This opens an “IPAM Integration” page. To add DHCP servers to IPAM, select the DHCP Servers tab and press the Add button to open the “Add DHCP Server” dialogue box. Fill in the server name, IP address and Type, and press the Save button for each DHCP server you want to add to IPAM.

Importing Subnets from DHCP Servers to IPAM

Once the DHCP servers are configured, you are now ready to start importing subnets. In the Main Menu, go to Inventory → IMAP Subnets and Reservations.

This opens an “IPAM Subnets” window with “IPv4 subnets” tab. Click the Import Subnets from DHCP Server button to open the “Import Subnet from DHCP Server” dialogue box.

Select the DHCP servers from which you’ll be importing subnets, and a destination IPAM container where the imported subnets will be placed. Press the Import button to preload the subnets.

Nectus displays preloaded subnets in a table format, for your confirmation. Press Yes button to confirm import of subnets, and they will automagically appear in your designated IPAM container.

 

Management Interface Selection for Network Devices

,

Management Interface Selection for Network Devices

In this chapter, you’ll learn how Nectus selects Management Interfaces for Devices that are found during Discovery phase. Nectus will automatically select Management Interfaces using its own default logic. It also supports user-defined selection for cases where this is appropriate.

The specific topics we will cover in this chapter are:

  1. Default Logic for Management Interface Selection
  2. User-Defined Logic for Management Interface Selection
  3. Applying Selection Rules to Existing Devices

1. Default Logic for Management Interface Selection

During Discovery, Nectus finds all SNMP Devices on the network. Every Device has one or more Interfaces. Some of those Interfaces will have IP Addresses assigned to them, and could be used as the Management Interface for that Device.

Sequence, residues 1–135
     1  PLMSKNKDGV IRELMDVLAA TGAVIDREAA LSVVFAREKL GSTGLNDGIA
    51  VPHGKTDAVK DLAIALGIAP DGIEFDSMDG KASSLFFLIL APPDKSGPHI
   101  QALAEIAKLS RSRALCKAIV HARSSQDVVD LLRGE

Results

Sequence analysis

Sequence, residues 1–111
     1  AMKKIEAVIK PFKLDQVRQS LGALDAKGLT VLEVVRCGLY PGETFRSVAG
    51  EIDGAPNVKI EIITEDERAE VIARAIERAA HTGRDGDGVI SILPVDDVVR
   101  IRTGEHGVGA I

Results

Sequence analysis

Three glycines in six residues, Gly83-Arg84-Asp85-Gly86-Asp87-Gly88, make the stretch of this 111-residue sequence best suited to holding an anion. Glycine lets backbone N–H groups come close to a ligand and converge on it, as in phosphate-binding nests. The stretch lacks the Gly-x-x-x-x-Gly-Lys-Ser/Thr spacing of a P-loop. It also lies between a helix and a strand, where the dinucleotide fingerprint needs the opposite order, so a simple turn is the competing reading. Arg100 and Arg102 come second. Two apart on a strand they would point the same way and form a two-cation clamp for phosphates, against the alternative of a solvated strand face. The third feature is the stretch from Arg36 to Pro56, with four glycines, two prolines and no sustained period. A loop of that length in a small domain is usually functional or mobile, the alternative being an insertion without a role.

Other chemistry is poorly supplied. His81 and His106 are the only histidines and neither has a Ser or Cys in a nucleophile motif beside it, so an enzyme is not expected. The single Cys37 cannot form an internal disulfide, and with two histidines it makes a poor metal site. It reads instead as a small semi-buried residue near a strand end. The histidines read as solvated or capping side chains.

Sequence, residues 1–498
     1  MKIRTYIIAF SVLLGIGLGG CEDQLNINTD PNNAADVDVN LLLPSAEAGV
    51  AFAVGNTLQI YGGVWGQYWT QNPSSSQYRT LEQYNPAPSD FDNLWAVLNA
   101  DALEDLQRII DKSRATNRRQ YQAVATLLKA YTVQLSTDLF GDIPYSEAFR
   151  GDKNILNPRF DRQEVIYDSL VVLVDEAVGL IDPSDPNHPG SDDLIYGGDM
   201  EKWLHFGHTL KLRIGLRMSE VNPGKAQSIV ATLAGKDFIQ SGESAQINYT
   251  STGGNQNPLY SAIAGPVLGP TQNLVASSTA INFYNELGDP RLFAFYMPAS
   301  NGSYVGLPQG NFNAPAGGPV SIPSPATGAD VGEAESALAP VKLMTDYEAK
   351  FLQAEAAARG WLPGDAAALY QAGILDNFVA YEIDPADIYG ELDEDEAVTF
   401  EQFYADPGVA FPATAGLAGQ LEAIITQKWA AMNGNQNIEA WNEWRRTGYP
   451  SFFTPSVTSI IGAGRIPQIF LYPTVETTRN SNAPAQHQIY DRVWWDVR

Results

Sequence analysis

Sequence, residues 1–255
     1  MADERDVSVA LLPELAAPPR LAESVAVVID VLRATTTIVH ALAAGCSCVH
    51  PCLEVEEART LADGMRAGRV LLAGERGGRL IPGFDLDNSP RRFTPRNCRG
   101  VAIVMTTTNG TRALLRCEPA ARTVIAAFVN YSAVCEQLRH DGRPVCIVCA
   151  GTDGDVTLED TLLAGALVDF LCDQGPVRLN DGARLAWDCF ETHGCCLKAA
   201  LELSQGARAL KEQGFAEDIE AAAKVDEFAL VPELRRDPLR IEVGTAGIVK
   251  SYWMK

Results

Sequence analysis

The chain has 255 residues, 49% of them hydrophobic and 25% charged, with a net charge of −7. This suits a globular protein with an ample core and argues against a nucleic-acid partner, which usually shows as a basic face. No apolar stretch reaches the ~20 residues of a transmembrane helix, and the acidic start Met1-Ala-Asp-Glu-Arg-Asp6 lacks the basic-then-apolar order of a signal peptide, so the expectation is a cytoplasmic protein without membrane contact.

Nectus has default logic for selecting the Management Interface for each Device. It checks every Interface on a Device looking for potential Management Interfaces. To be considered for selection as the Management Interface, an Interface must meet the following requirements:

  1. It must have a unique IP Address. Nectus will not select an Interface that does not have an IP Address, or that has an IP Address identical to some other Interface on the network.
  2. It must be Up. Netus will not select an Interface that is not Up.

From this list of possible Management Interfaces, Nectus selects one according to this priority list:

  1. An Interface name that begins with Mgmt
  2. An Interface name that begins with Loopback
  3. An Interface name that begins with Vlan
  4. Interface with lowest IP Address

If Nectus finds an Interface name that begins with Mgmt, it will use this as the Management Interface. If it does not find an Interface name that begins with Mgmt, it will look for one that begins with Loopback, and so on.